Wrightsville Beach police fully staffed going into July 4 weekend

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With the swearing in of a new officer on Monday, the Wrightsville Beach Police Department goes into the Independence Day holiday weekend fully staffed, the department’s chief said this week, following several years with some vacancies. 

In adding Officer Tonya Baker to the force, the department is getting a 15-year veteran of the New Hanover County Sheriff’s Office who will serve as the town’s designated beach officer, while also adding in investigations. With her hire, the Wrightsville Beach Police Department is fully staffed with 24 officers.

Wrightsville Beach Police statistics covering January – March, 2019.

Wrightsville Beach Police Chief Dan House said an increase in officer pay, along with other recruiting and retention tools, should help make it easier to keep officer staffing at sufficient levels. In approving the 2019-2020 budget, which took effect on July 1, the town’s board of aldermen raised police officer base pay.

“It raised all the salaries. It’s still not as much as other departments, but it’s made our pay more competitive,” House said.

In prior years, House has urged the board to raise pay and create other retention tools, which he said were needed to keep other departments from poaching officers from the force. The issue of officer retention came to a head in August 2015 when the department saw seven resignations in a two-month span, with nearly a quarter of the force’s positions vacant.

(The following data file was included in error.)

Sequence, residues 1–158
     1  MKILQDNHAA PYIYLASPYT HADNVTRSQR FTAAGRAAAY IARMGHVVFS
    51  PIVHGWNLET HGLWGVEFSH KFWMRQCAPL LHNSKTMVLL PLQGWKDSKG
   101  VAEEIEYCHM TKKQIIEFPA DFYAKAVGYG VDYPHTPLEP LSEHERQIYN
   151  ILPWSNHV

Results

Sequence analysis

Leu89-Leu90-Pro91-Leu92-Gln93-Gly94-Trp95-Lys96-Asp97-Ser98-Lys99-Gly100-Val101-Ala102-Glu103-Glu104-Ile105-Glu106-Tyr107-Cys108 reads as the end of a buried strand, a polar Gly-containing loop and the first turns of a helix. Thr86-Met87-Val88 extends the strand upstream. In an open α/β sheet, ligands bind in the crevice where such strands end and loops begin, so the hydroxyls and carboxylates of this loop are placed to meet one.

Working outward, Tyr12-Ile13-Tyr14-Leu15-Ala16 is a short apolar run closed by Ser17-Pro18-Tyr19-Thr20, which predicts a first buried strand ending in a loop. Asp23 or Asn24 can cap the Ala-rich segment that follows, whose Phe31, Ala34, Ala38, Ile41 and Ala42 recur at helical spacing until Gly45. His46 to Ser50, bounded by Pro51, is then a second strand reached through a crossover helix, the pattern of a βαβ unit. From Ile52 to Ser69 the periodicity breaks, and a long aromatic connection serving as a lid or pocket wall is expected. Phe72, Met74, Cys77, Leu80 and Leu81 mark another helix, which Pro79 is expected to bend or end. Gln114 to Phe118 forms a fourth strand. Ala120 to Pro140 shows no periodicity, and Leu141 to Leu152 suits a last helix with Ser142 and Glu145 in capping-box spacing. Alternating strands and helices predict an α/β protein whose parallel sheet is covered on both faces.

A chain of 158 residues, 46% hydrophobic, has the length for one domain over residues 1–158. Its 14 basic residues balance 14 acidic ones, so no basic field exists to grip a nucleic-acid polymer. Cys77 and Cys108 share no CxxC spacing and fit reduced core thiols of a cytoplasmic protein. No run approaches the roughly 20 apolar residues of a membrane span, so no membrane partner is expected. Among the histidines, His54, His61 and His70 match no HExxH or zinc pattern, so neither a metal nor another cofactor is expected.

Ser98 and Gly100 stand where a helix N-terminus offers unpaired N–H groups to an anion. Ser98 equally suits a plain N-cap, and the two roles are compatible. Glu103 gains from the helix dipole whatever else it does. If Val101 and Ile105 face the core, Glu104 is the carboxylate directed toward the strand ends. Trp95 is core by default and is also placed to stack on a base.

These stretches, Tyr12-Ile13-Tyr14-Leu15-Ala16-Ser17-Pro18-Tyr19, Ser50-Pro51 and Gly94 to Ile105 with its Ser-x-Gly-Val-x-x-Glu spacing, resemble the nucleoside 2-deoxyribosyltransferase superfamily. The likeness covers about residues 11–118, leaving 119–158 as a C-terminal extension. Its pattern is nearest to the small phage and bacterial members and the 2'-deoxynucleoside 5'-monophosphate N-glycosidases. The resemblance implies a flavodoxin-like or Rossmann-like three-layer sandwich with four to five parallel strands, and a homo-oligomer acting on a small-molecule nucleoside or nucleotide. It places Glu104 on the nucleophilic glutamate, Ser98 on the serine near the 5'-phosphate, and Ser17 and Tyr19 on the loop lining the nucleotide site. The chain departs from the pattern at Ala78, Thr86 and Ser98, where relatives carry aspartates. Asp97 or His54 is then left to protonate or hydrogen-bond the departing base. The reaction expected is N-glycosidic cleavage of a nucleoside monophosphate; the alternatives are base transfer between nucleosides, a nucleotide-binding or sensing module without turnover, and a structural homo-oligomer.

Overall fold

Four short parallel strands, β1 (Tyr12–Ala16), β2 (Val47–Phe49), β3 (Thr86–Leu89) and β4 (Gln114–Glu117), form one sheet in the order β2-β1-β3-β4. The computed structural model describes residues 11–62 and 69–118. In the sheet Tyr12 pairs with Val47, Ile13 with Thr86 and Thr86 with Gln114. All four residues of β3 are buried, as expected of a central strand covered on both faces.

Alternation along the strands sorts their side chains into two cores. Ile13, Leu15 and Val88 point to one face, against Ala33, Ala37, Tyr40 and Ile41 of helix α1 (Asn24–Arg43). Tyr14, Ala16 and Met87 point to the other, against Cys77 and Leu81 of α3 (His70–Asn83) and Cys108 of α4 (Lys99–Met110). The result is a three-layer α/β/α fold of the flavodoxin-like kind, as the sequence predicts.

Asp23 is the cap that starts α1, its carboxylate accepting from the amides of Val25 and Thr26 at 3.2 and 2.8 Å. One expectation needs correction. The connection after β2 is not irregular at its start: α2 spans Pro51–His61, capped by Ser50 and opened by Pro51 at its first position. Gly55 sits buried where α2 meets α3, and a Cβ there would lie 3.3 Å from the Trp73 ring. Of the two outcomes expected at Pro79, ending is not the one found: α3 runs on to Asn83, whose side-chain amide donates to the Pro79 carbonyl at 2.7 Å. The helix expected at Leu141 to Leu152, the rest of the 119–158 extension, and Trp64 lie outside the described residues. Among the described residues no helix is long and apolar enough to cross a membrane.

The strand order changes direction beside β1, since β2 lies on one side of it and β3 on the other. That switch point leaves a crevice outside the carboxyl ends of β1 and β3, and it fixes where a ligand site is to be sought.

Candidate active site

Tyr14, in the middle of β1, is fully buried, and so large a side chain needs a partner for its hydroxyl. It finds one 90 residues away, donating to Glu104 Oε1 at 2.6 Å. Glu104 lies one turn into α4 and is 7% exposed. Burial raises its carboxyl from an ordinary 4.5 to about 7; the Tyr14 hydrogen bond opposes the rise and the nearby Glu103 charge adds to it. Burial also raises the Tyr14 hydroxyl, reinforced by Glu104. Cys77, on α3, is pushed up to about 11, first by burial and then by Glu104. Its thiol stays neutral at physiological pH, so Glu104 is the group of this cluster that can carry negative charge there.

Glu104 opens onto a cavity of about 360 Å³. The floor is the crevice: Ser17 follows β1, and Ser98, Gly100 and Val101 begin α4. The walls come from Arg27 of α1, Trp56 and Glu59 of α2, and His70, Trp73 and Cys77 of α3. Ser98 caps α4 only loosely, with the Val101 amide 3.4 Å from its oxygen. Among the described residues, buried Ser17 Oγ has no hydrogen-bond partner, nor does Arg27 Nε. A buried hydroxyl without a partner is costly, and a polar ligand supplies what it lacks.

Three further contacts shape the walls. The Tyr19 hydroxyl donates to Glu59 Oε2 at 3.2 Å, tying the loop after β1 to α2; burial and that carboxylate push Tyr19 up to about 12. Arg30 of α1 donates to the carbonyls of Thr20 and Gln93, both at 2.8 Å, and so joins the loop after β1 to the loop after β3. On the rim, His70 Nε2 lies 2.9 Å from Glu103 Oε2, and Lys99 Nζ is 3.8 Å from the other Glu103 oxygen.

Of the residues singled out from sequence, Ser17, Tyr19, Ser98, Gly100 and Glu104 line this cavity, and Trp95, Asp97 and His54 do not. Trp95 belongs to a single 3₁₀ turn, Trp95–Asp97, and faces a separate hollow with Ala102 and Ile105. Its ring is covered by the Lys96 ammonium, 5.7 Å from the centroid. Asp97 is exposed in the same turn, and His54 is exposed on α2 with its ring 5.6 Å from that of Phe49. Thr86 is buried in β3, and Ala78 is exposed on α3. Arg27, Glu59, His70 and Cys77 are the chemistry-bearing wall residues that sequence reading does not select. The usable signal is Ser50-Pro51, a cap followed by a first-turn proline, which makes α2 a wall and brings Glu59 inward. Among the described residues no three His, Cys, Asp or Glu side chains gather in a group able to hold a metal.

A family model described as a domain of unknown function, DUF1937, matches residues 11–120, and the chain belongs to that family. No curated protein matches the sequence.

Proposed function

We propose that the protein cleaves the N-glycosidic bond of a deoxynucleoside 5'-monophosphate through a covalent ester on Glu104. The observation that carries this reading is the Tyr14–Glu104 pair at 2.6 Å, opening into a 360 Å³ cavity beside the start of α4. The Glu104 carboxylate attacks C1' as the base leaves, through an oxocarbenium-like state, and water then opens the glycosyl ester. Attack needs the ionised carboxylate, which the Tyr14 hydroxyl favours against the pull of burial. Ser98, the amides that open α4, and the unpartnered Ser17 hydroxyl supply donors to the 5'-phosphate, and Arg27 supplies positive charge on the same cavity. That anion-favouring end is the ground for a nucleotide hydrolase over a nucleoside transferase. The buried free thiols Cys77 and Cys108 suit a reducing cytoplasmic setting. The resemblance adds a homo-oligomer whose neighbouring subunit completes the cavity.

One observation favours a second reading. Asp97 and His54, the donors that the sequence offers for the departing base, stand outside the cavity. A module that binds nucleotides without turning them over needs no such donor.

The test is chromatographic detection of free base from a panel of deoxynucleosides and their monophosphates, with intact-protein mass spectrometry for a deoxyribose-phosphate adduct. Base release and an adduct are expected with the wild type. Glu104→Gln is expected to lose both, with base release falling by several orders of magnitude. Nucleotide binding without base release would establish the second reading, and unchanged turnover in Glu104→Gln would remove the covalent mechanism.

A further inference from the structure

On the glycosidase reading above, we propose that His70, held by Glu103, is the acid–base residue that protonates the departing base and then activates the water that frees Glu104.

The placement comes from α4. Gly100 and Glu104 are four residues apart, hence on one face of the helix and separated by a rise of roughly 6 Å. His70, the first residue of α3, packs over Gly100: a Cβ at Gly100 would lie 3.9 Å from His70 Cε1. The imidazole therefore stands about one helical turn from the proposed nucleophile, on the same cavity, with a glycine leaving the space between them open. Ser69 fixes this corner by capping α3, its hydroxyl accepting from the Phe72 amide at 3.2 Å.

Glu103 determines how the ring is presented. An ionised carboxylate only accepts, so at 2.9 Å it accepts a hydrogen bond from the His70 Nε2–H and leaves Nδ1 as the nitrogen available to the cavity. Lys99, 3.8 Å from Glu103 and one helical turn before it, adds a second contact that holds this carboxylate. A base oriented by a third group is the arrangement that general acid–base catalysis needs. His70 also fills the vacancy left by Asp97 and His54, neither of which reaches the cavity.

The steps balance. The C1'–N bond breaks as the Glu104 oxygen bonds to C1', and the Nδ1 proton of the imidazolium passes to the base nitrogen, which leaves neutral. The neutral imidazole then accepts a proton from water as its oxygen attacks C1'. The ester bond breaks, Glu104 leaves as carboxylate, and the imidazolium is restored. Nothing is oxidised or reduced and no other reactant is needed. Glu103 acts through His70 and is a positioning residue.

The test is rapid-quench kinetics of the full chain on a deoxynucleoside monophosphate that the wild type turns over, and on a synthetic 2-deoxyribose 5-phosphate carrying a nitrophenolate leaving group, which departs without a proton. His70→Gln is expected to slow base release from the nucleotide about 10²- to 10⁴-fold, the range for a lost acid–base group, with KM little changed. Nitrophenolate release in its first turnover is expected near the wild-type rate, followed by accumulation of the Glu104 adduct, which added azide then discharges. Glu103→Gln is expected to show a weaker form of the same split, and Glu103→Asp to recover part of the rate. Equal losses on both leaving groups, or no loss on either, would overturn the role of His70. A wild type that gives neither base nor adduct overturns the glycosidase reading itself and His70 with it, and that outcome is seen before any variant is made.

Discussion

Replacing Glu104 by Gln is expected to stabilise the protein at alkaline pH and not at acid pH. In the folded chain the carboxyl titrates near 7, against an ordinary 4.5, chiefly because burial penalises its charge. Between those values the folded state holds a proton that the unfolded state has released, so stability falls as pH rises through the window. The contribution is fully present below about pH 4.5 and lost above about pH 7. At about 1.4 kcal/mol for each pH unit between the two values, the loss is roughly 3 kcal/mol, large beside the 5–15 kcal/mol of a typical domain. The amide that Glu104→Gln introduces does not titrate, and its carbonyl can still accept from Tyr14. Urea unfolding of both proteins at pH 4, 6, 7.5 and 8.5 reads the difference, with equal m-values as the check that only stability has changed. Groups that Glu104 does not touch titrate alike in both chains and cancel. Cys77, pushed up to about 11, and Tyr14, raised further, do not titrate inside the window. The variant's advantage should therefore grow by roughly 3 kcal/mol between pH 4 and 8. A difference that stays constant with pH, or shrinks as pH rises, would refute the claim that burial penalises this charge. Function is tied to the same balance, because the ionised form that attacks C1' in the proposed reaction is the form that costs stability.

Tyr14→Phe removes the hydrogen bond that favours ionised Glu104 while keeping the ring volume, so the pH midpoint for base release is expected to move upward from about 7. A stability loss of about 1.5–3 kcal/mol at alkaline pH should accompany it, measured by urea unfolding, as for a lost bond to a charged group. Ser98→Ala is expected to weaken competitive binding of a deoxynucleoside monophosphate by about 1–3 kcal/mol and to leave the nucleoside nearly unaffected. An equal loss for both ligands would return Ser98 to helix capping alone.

The newly passed budget also provides another incentive for officer recruitment, as officers who can be certified by the state’s Criminal Justice Education & Training Standards Commission are also eligible for a raise.

Beyond pay, the department has sought other means to boost interest among potential recruits. One is a video shot by local videographer Ned Leary, that pieces together action-packed shots of officers on the beach, patrolling by boat and speeding down Waynick Boulevard with flashing lights.

House said that when the video was shown during a recent career fair at Cape Fear Community College, there was a noticeable increase in application.

Increased staffing may also help contribute to a recent rise in criminal statistics from the department. The most recent quarterly crime report released in May showed an increase of 36 percent in “Group A” offenses from January to March 2019 over the previous year, while “Group B” offenses were also up 19 percent.

However, the increase was due mainly to officers making drug-related arrests during traffic stops, as opposed to an increase in criminal activity. Wrightsville Beach police made 57 arrests for narcotics violations between January and March 2019, as compared with 21 over the same period in 2018. Drug equipment arrests were also up in the first quarter of 2019, with 39 arrests, compared to 9 in 2018. Additionally, DWIs were up in 2019, with 48 arrests in the first quarter, compared with 37 the prior year. By contrast, assaults and burglaries were down in 2019, compared to 2018.

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